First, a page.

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Misspent Youth by Peter F. Hamilton
Review by Tom Easton
Del Rey Hardcover  ISBN/ITEM#: 9780345461643
Date: 16 September 2008 List Price $26.00 Amazon US / Amazon UK / Show Article /

Critic Tom Easton says that Misspent Youth is like a more philosophical version of Rob Sawyer's Rollback and that if you like one, you probably wont like the other. Hamilton's take is certainly darker, and points out that maturity is as much (or more) a function of geriatric glands as sage wisdom. Given the rejuvenation of a "grand old man" and the kinky family relations that ensue, it's a cinch that Heinlein would have loved this.

From official release/information:

Product Description: Readers have learned to expect the unexpected from Peter F. Hamilton. Now the master of space opera focuses on near-future Earth and one most unusual family. The result is a coming-of-age tale like no other. By turns comic, erotic, and tragic, Misspent Youth is a profound and timely exploration of all that divides and unites fathers and sons, men and women, the young and the old.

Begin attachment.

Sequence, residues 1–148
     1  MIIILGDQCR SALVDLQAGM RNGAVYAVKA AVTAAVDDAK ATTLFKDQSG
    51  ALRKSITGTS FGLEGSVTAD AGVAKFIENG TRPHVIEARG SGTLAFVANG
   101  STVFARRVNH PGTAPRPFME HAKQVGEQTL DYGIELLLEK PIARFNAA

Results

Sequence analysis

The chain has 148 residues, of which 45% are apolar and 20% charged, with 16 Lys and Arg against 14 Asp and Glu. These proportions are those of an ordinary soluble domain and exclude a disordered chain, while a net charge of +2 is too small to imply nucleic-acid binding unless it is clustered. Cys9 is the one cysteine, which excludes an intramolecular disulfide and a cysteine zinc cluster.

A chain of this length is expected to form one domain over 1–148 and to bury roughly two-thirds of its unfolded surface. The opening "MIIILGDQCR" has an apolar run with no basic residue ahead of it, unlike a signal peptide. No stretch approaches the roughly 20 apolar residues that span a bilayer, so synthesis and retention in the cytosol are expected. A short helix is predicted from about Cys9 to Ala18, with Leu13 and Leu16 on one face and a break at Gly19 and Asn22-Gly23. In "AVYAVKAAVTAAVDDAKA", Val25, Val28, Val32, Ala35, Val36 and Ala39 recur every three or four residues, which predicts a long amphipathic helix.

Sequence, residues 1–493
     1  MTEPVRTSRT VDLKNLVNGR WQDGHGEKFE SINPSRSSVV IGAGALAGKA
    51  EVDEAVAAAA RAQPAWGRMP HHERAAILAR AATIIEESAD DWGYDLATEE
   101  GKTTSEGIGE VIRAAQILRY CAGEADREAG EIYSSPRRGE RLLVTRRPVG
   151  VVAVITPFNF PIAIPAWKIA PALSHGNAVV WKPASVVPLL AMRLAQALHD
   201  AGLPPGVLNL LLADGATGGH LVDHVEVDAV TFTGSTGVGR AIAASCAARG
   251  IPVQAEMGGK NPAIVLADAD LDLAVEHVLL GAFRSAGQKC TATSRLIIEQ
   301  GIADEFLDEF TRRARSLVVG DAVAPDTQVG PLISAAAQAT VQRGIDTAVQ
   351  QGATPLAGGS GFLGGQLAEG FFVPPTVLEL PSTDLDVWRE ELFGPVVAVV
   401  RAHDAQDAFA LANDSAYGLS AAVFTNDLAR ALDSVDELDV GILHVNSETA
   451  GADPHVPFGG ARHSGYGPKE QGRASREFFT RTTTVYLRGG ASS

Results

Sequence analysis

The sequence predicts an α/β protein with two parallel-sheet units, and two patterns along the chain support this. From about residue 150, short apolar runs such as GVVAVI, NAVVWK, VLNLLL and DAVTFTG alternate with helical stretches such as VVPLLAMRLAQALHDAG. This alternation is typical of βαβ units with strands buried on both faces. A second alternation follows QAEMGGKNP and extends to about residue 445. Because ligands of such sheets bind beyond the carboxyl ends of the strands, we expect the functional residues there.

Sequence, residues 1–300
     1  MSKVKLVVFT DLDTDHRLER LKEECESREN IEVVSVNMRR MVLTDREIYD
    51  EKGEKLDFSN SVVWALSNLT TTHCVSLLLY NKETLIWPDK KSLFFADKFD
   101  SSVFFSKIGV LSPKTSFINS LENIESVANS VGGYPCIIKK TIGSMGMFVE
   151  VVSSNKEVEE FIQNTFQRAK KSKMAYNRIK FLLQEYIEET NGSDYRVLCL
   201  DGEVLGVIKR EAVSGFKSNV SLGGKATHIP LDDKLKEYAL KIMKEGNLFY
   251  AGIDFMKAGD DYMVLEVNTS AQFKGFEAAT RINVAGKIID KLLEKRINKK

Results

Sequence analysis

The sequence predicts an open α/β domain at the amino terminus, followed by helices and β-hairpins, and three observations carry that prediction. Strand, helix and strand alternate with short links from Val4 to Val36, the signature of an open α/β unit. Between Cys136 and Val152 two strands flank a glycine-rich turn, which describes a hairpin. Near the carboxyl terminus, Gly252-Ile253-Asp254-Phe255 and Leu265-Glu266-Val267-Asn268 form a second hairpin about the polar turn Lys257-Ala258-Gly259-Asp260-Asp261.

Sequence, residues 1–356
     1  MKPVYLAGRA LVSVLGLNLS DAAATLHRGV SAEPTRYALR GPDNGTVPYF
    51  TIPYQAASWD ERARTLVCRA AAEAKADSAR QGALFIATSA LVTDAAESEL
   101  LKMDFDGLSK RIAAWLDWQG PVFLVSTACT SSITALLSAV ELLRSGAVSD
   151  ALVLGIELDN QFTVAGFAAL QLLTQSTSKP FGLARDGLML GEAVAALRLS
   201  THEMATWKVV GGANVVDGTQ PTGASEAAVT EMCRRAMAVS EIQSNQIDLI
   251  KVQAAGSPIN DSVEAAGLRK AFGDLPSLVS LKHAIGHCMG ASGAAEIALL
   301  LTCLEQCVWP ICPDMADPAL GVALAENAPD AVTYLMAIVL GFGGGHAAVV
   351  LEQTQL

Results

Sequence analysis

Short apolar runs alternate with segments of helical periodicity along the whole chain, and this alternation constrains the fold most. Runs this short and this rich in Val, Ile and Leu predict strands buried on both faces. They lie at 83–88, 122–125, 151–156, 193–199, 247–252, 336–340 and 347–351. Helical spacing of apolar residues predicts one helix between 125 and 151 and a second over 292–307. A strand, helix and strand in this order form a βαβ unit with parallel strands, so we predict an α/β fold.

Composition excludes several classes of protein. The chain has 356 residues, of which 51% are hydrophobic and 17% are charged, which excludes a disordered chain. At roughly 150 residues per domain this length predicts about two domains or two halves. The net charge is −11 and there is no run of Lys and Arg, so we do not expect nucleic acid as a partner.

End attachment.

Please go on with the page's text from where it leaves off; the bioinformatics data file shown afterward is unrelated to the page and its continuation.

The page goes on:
2040. After decades of concentrated research and experimentation in the field of genetic engineering, scientists of the European Union believe they have at last conquered humankind's most pernicious foe: old age. For the first time, technology holds out the promise of not merely slowing the aging process but actually reversing it. The ancient dream of the Fountain of Youth seems at hand.

The first subject for treatment is seventy-eight-year-old philanthropist Jeff Baker. After eighteen months in a rejuvenation tank, Jeff emerges looking like a twenty-year-old. And the change is more than skin deep. From his hair cells down to his DNA, Jeff is twenty–with a breadth of life experience.

But while possessing the wisdom of a septuagenarian at age twenty is one thing, raging testosterone is another, as Jeff discovers when he attempts to pick up his life where he left off. Suddenly his oldest friends seem, well, old. Jeff's trophy wife looks better than she ever did. His teenage son, Tim, is more like a younger brother. And Tim's nubile girlfriend is a conquest too tempting to resist.

Jeff's rejuvenated libido wreaks havoc on the lives of his friends and family, straining his relationship with Tim to the breaking point. It's as if youth is a drug and Jeff is wasted on it. But if so, it's an addiction he has no interest in kicking.

As Jeff's personal life spirals out of control, the European Union undergoes a parallel meltdown, attacked by shadowy separatist groups whose violent actions earn both condemnation and applause. Now, in one terrifying instant, the personal and the political will intersect, and neither Jeff nor Tim–or the Union itself–will ever be the same again.

Read John Berlyne's review from our December 2002 issue.

(Source: Del Rey)

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